On 19 October 2016, the Court of Justice of the European Union (CJEU) issued an important judgment concerning the German law on fixing prices of retail prescription drugs.
In the case before the Higher Regional Court of Düsseldorf, the German Parkinson’s Disease Association teamed up with the Dutch mail-order pharmacy DocMorris to obtain better terms for German patients.
In Germany there is a uniform retail price on medicinal products sold to patients in Germany, irrespective whether they are sold online or in a traditional German pharmacy. Patients covered by Germany’s statutory medical insurers pay a certain proportion of drug expenses from their own pockets, and Dutch-based mail-order pharmacies have in the past offered to return some of that money, using their non-German domicile to get around minimum prices. This systems gets around the German fixed price laws.
This system was challenged by the German Association against Unfair Competition as violating provisions of the German Medicinal Products Act as well as the German Regulation on Prices for Medicinal Products. Germany’s fixed price rules aimed to keep traditional pharmacies in business in rural areas. Initially, the German court’s ruled the practises that got around the German fixed price rules to be illegal because of the national fixed-price system for supply of prescription only medicines and prohibited discounts or bonuses.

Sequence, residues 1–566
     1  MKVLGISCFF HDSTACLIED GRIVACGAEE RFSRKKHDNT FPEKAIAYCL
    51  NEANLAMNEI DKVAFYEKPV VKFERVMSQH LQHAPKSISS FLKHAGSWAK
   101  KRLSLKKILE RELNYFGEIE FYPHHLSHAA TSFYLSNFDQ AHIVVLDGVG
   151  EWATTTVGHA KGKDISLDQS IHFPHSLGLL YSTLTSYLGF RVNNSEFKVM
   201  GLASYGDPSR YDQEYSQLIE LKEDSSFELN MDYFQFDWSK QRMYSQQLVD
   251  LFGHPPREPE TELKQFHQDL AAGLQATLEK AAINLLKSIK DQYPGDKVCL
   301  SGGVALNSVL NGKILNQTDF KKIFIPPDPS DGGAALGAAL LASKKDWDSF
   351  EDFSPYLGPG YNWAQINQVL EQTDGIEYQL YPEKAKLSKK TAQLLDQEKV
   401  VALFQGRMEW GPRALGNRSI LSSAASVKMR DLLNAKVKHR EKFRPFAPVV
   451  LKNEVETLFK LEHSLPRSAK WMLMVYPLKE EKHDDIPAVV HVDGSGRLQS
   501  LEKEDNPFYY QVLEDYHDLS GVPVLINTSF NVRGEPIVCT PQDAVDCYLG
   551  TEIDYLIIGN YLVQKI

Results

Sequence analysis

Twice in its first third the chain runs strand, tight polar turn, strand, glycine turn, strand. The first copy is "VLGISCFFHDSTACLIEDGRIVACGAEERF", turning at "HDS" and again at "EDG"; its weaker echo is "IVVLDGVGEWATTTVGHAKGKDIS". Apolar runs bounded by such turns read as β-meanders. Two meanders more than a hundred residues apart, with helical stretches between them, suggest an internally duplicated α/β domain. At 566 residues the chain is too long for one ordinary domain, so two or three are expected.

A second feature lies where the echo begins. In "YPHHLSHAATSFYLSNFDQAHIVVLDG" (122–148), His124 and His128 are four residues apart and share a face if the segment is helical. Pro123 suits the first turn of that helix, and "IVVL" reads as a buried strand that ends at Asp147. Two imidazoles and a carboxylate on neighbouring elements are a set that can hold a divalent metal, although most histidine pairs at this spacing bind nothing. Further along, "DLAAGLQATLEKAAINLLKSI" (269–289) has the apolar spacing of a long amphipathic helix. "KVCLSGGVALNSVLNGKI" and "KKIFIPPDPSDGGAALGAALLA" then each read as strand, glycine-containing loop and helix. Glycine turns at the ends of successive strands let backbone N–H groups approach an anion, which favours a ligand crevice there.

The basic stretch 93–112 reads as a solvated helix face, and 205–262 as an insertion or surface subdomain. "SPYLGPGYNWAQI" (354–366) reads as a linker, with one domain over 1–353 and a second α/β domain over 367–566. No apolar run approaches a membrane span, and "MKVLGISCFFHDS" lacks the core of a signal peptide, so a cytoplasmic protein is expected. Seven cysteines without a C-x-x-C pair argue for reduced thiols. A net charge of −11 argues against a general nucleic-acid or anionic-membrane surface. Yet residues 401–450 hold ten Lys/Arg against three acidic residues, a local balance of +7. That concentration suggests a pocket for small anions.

However, on reference from a German court of appeal, the CJEU determined that the German law on binding retail price maintenance for prescription drugs “constitutes an unjustified restriction of the free movement of goods” in the European Union.
The German government, in support of its laws, argued that fixed prices were needed to ensure safety and high quality supplies, and to prevent the closure of traditional pharmacies.
The CJEU found that Germany had failed to provide any specific evidence that the price controls were an appropriate means to protect public health. The CJEU found that the price competition could benefit patients as it would allow them access to prescription-only medicines in Germany at more attractive prices. The supply of such drugs in rural areas would not be negatively affected by allowing price competition, nor that the patient’s health would be put in jeopardy. The CJEU’s reasons for the decision are:
(1) the price maintenance might make it harder for foreign pharmacies to enter the German market and, thus, has an equivalent effect to a quantitative restriction on imports within the meaning of Art. 34 TFEU;
(2) although a restriction on the free movement of goods can be justified for health reasons, price maintenance is not appropriate for attaining this objective. Thus, the system of fixed prices for prescription-only medicinal products is not justified under Art. 36 TFEU.